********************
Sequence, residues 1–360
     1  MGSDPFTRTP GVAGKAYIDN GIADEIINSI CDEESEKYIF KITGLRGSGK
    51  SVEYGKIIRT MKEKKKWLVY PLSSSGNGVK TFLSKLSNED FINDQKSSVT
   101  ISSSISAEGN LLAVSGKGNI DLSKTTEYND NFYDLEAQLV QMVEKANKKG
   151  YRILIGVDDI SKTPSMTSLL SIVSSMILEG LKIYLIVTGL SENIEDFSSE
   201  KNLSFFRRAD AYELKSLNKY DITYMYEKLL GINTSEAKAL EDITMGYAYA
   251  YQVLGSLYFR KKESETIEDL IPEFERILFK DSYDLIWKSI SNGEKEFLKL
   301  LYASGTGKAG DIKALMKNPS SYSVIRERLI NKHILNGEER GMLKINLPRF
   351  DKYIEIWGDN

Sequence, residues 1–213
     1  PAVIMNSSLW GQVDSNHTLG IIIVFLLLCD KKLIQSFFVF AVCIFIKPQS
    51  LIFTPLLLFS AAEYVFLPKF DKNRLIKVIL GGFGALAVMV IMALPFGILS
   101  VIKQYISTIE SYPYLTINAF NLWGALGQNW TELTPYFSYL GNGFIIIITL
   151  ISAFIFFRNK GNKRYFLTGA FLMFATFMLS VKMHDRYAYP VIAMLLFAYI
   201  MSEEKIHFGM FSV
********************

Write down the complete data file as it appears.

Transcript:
Sequence, residues 1–360
     1  MGSDPFTRTP GVAGKAYIDN GIADEIINSI CDEESEKYIF KITGLRGSGK
    51  SVEYGKIIRT MKEKKKWLVY PLSSSGNGVK TFLSKLSNED FINDQKSSVT
   101  ISSSISAEGN LLAVSGKGNI DLSKTTEYND NFYDLEAQLV QMVEKANKKG
   151  YRILIGVDDI SKTPSMTSLL SIVSSMILEG LKIYLIVTGL SENIEDFSSE
   201  KNLSFFRRAD AYELKSLNKY DITYMYEKLL GINTSEAKAL EDITMGYAYA
   251  YQVLGSLYFR KKESETIEDL IPEFERILFK DSYDLIWKSI SNGEKEFLKL
   301  LYASGTGKAG DIKALMKNPS SYSVIRERLI NKHILNGEER GMLKINLPRF
   351  DKYIEIWGDN

Sequence, residues 1–213
     1  PAVIMNSSLW GQVDSNHTLG IIIVFLLLCD KKLIQSFFVF AVCIFIKPQS
    51  LIFTPLLLFS AAEYVFLPKF DKNRLIKVIL GGFGALAVMV IMALPFGILS
   101  VIKQYISTIE SYPYLTINAF NLWGALGQNW TELTPYFSYL GNGFIIIITL
   151  ISAFIFFRNK GNKRYFLTGA FLMFATFMLS VKMHDRYAYP VIAMLLFAYI
   201  MSEEKIHFGM FSV